# gamma dist

• Oct 27th 2010, 11:22 AM
sfspitfire23
gamma dist
Hey guys-been struggling with this question the whole day-

Weekly downtime X (in hrs) for a certain industrial machine has approximately a gamma dist. with alpha=3.5 and beta=1.5. Loss L (in dollars) as a result of this downtime is given by $\displaystyle L=30X+2x^2$.

What is the expected value and variance of L?

So, I first set out to find an equation for $\displaystyle E(X^k)$ and I ended up with $\displaystyle \frac{\beta^k \Gamma(\alpha+k)}{\Gamma(\alpha)}$ and I am unsure how to proceed from here. Also, is my derivation correct?
• Oct 27th 2010, 11:27 AM
mr fantastic
Quote:

Originally Posted by sfspitfire23
Hey guys-been struggling with this question the whole day-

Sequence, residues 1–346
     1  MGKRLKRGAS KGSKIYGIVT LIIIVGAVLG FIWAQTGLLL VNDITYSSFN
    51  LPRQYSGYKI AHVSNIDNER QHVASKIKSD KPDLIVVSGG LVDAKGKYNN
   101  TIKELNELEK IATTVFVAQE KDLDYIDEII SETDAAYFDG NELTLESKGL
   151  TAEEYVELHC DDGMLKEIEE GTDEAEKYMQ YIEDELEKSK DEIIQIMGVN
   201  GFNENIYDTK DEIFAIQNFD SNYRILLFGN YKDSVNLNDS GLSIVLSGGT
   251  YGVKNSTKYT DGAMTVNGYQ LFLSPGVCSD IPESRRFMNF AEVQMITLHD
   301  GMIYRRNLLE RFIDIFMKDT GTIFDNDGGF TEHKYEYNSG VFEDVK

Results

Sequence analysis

Weekly downtime X (in hrs) for a certain industrial machine has approximately a gamma dist. with alpha=3.5 and beta=1.5. Loss L (in dollars) as a result of this downtime is given by $\displaystyle L=30X+2x^2$.

What is the expected value and variance of L?

So, I first set out to find an equation for $\displaystyle E(X^k)$ and I ended up with $\displaystyle \frac{\beta^k \Gamma(\alpha+k)}{\Gamma(\alpha)}$ and I am unsure how to proceed from here. Also, is my derivation correct?

$\displaystyle \displaystyle E(L) = 30 E(X) + 2 E(X^2)$. I haven't time to check your expression for E(X^k) but I'm sure there are websites that would either confirm or deny the result.
• Oct 27th 2010, 09:50 PM
matheagle
In order to obtain the variance of L, first obtain it's second moment.

$\displaystyle E(L^2)=900E(X^2)+120E(X^3)+4E(X^4)$

Remember that the beta can either be in the numerator or denominator, depending on how you write your density.
The technique is easy. OR just the MGF and differentiate.